What has the government done?: The Central and State Pollution Control Boards, over the past few years, have come up with many ways to deal with this problem on a large scale. They have laid down guidelines that must be followed by the big community pujas for celebration and idol immersion. Under the guidelines of the State Pollution Control Board in several states, all idols need to be removed from water bodies within 48 hours. Several State Pollution Control Boards have created artificial ponds to serve this purpose and many are required to clean up the water bodies by removing the remnants of idols and other debris within 24 hours of immersion. This waste must be transported to solid waste dumping sites of local municipalities and recycled. Environmental activists and NGOs have also raised their voice in this matter and even the judiciary in a few states has intervened-in 2015, the Allahabad High Court banned immersion of idols in the rivers Ganga and Yamuna.

What should our actions be?: Despite the efforts by the government, an appreciable change in this scenario will only come if everyone who partakes in these festivities does their little bit to bring about a positive change- after all, charity begins at home. It’s the need of the hour to take stringent measures to curb this pollution. We should take these following little measures to tackle the problem.

  • We can use idols that are made from natural materials like traditional clay and hay as was prevalent in ancient times.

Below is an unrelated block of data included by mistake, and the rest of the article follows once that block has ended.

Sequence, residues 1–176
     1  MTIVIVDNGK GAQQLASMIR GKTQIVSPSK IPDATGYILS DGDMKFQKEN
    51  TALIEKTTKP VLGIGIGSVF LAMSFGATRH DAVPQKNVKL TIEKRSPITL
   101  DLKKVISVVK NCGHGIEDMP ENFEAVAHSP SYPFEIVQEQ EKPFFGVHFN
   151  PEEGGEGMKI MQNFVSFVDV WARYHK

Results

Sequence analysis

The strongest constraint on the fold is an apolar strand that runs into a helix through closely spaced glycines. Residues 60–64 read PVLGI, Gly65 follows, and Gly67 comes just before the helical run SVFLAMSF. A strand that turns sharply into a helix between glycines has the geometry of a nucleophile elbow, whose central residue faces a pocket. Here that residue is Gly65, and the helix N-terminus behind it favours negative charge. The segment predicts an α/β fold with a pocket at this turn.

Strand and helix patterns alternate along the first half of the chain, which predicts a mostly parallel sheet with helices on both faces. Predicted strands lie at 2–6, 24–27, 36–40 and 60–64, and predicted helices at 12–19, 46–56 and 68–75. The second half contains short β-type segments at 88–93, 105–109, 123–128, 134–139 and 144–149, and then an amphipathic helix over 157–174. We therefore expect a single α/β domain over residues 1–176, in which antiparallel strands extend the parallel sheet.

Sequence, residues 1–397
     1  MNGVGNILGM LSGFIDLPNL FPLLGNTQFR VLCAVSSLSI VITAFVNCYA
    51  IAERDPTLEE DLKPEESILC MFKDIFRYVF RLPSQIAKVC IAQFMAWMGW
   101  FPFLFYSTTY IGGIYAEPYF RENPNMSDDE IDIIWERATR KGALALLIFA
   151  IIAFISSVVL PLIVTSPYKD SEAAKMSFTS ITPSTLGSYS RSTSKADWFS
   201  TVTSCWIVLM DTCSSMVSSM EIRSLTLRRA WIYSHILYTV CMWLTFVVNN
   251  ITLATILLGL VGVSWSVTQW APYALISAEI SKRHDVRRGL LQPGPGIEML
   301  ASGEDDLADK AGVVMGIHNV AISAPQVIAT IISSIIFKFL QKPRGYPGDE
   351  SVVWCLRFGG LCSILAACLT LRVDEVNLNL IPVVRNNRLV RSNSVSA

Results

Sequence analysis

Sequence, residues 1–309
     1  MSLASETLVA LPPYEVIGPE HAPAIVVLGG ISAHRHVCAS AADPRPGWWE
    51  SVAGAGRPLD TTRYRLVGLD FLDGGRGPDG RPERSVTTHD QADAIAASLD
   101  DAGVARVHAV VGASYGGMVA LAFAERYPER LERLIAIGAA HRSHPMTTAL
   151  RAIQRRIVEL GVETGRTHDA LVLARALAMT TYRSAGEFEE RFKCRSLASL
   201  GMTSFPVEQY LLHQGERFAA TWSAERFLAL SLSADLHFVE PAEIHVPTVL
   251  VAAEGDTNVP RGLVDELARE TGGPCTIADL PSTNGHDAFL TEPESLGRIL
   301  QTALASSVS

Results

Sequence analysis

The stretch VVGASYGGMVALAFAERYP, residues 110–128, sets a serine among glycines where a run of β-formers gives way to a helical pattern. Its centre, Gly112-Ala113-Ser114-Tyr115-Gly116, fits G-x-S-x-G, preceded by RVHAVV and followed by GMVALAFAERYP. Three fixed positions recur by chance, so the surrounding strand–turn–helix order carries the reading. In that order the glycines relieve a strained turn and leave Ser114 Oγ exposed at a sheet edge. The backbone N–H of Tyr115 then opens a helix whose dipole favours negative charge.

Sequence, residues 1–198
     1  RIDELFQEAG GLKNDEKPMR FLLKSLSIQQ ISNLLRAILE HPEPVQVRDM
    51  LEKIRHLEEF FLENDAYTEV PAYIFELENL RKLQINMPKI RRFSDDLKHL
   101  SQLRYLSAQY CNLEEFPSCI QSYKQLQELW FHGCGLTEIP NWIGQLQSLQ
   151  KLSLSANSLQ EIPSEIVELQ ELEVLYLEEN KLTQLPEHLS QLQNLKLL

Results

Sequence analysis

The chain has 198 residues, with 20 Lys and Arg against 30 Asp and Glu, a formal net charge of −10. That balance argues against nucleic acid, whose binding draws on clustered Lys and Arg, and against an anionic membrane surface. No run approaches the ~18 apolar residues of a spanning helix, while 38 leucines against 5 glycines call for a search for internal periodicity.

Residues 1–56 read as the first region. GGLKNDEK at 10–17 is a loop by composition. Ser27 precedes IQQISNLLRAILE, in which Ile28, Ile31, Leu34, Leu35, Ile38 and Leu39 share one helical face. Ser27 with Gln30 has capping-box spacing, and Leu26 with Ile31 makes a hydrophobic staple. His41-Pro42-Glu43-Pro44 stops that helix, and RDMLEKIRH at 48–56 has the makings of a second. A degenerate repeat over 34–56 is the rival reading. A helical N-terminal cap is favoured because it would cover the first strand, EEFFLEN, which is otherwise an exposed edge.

• For the apparels, banana stalk and jute can be used or the clothing materials used for the big idols can be donated to local orphanages after the festivities.
  • Water-soluble and non-toxic paints should be used.
  • For small budget festivals in our homes and localities, the idols can be reused a few times and the ones that have to be immersed can be immersed in small tanks that can be easily cleared out after the immersion.
  • Bamboos and logs used as scaffoldings and for other purposes should be reused.
  • Biodegradable materials like flowers, sweets, and fruits can be used as compost and other materials for decoration must be removed from the idol before immersion and recycled.
  • In different parts of the country where puja celebration by clubs or ‘Puja Samitis’ has now become competitive in nature, financial incentives can be given to these clubs to celebrate in as much an eco-friendly way as possible and the club or clubs which contribute the least to any kind of pollution should be rewarded.

Apart from following guidelines laid down by the Pollution Control Boards, the organizers of these pujas must purchase idols only from registered dealers–the license of those clubs should be revoked which do not obey the guidelines during the celebrations and immersion. However, most importantly, and certainly less taxing than all the above-mentioned measures is spreading awareness about this raging issue through campaigns. The more eyes we open more is the number of conscious and alert people.

If we don’t start now, we might not survive long enough for celebrating festivals at all. Water is the elixir of life so it is our duty to tackle water pollution before its shortage is rife.